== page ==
The 19th century Republican Sen. Mark Hanna famously remarked that two things were important in politics: The first was money, and he couldn't remember what the second one was.
Hanna would be at home in the mercenary politics of peace in Africa and the Middle East today, where political parties, rebel movements and even governments are run on a business model. Money can't buy anything or anyone, but without cash flow and a sharp set of business skills, any political entrepreneur will quickly fall by the wayside.
I learned this the hard way as a member of the
We — the outsiders — called this peacemaking and democratic transformation. For the Darfurians, the goal was to secure a political budget to become a player in the political marketplace.
Our team of diplomats and conflict resolution experts — plus our backers from the U.S. State Department — couldn't clinch a deal, because we didn't have the cash in hand to buy off the sundry rebels who demanded a political payment if they were to sign. And for the Sudanese government the peace agreement wasn't a solemn and binding commitment, but a bargain in the bazaar, only as good as the market conditions on the day it was signed. When the value of some rebels went up the next day, or down, the deal was up for renegotiation. We were flummoxed.
From the Sahara to Afghanistan, by way of Syria, Iraq, Yemen and the Horn of Africa, political business managers use a simple business calculus to understand what's happening in a war or a peace process, and predict its outcome. Three things count: the players' political budgets, the prevailing price of loyalty and their business skills. Forget the complex statistical indicators of Foreign Policy's Fragile States Index: these are the rules of thumb in real politics. And they tell us which peace processes may succeed, and which will fail.
South Sudan's peace will fail. The newly independent country plunged into internecine war in late 2013. Widely portrayed as a tribal conflict between the Dinka of President Salva Kiir and the Nuer of his challenger Riek Machar, this was more accurately seen as the kleptocrats falling out. The war started because, in an act of extraordinary foolishness, the government of South Sudan responded to a dispute with its northern neighbor, and former oppressor, over the price to be pumping oil along a pipeline to the sea, by shutting down its national oil production. Reliant for 98% of its budget on oil revenue, South Sudan soon ran out of money, and a ruling elite accustomed to living like oil sheiks in a land of extreme poverty fell to fighting one another over the shrunken national patrimony.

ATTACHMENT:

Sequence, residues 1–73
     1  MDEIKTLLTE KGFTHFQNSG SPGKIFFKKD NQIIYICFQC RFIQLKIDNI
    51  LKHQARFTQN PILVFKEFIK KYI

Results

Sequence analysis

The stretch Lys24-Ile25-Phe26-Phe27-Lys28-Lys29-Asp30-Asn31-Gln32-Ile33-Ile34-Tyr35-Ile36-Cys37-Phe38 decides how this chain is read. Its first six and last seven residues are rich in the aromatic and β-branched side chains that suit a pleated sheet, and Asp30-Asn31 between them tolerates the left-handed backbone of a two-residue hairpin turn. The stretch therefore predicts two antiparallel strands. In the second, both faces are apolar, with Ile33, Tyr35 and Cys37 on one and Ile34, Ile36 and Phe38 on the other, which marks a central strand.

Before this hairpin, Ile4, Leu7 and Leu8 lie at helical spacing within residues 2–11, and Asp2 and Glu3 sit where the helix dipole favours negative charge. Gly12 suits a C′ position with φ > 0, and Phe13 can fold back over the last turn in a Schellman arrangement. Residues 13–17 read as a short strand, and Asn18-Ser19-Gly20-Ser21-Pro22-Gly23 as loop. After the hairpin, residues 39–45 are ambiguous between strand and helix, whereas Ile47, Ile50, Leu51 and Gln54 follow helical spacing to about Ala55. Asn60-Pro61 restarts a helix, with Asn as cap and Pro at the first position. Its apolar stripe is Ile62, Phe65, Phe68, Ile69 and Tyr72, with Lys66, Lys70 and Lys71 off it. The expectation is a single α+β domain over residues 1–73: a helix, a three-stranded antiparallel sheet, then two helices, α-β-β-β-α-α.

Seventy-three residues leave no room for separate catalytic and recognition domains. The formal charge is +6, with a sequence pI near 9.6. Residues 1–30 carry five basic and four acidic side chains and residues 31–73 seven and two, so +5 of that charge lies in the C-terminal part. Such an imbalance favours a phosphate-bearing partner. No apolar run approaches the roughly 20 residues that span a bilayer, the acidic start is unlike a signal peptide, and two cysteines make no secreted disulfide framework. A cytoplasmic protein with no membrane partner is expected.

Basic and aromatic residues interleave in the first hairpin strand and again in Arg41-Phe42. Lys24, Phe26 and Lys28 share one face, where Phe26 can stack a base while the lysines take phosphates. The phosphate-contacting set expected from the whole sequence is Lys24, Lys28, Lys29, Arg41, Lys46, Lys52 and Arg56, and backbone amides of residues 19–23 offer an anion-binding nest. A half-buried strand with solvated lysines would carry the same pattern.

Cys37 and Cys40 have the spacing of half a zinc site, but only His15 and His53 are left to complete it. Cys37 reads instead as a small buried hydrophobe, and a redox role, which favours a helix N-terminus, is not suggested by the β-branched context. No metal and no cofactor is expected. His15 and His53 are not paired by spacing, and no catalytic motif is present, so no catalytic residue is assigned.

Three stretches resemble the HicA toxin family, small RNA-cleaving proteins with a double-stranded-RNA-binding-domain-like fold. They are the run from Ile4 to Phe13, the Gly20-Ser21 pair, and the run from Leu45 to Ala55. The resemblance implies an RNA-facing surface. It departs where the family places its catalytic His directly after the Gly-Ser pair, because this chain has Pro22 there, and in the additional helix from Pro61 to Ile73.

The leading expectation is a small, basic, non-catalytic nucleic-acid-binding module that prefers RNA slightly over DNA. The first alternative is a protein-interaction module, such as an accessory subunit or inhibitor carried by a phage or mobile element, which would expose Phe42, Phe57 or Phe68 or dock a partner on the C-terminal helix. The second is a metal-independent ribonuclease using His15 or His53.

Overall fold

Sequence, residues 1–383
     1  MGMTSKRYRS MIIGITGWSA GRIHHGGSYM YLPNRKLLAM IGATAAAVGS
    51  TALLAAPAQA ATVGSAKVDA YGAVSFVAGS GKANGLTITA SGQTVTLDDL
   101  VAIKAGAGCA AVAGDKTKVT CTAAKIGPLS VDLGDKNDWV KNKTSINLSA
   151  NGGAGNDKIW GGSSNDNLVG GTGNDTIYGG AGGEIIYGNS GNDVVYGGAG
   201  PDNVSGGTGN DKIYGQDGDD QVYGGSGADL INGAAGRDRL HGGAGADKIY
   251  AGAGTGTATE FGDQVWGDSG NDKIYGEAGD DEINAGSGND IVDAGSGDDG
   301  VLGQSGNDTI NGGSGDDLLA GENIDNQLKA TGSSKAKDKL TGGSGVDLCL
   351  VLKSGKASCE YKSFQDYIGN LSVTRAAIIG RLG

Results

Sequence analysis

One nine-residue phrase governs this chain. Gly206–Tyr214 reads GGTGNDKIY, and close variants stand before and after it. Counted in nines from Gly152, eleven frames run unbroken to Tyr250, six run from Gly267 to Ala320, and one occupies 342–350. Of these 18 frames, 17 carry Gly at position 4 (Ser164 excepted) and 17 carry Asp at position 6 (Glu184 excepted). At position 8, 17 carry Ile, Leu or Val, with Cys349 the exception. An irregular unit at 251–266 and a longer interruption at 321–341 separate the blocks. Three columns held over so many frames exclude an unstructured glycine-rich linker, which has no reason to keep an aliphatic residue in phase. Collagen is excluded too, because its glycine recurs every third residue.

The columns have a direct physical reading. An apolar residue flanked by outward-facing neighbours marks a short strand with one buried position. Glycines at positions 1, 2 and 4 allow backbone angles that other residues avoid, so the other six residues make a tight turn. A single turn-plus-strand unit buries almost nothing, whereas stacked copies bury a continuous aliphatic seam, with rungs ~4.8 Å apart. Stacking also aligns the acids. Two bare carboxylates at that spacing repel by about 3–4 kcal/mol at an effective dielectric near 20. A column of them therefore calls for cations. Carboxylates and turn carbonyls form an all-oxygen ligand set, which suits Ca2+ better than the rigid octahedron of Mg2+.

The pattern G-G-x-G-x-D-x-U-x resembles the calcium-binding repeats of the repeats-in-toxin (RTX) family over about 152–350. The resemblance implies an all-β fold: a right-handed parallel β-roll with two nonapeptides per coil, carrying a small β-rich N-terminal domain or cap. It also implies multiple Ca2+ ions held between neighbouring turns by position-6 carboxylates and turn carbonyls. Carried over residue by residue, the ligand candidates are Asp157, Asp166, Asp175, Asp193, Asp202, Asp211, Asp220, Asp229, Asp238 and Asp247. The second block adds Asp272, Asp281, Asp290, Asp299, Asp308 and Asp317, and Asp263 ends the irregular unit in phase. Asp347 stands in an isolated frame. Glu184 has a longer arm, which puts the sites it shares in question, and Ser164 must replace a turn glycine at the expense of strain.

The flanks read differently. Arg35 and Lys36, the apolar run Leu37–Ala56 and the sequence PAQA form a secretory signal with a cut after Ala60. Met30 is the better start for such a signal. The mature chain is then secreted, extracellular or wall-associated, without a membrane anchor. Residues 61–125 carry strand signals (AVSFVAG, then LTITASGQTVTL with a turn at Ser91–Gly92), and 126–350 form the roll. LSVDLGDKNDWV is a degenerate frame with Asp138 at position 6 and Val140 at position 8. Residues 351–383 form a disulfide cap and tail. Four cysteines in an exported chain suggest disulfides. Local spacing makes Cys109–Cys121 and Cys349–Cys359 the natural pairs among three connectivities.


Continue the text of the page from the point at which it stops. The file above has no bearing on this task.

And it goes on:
The problem that caused the war wasn't so much corruption as the crass mismanagement of a corrupt system. Today the contenders have signed a peace deal, under pressure from the Africans and the U.S. — but while the oil has been switched back on, the price has plummeted and the government is bankrupt. The problem now is that the elite's appetite is undiminished — the price of loyalty is elastic upward, but not downward — but the political budget isn't there. South Sudan's business managers can't carry on trading, so they are turning to outright repression. The sad truth is there's no quick fix for South Sudan's bloody impasse.
Somalia’s peace is challenged in a different way. The government of President Hassan Sheik Mohamud is generously backed by foreign sponsors, including the U.S. and the
President Mohamud and his Western patrons missed their best chance to dominate Somalia's political market. Had they organized the Somali business class — dynamic and well-resourced — to set the rules of the political game, they could have stabilized the country. But they put a constitutional assembly before a chamber of commerce, and got their sequencing wrong. The country's chaos reflects the disorder among its diverse paymasters. Ironically, order may come because of the money that has started pouring into Somalia from Saudi Arabia and the Arabian Gulf. The gulf kingdoms see Somalia as the hinterland of Yemen, where they are embroiled in a war, and they are paying Somali politicians handsomely to come on board. Elections this year will probably see pro-Arab candidates sweep the board, all of them professing versions of Islamic law. That might just be enough to draw the majority of the Shabab militants back into civil politics.
Winning the peace in the Horn of Africa — and its neighbors across the huge arc of turbulence from the Maghreb to Central Asia — means studying the warlord's playbook, updated for the 21st century. Countries beset by factionalism, corruption and violence can't be fixed with the 20th century tool kit of peace talks leading to new constitutions, plus using aid to build institutions, backed by U.N. peacekeepers. Worse, the U.S. strategy of outsourcing counter-terrorism programs to regional proxies just funnels ready cash into precisely the most skilled and ruthless operators in the political marketplace, as well as giving them the means for repression.
Rule No. 1 in the warlord's handbook is, keep your finance secret. It follows that there's no chance for peace and democracy until the political funders begin insisting on them.
The chronic crises in the Horn of Africa demand that we target corruption and arms trading. But that's not enough: It's lawful money — from counter-terrorism, oil sales and gifts from wealthy neighbors — that funds political businesses. This money can't be stopped, but it can be regulated. Reforming political funding is hard enough at home, let alone halfway round the world, on the home territories of skilled operators. But the warlord's handbook tells us that it's the place to begin.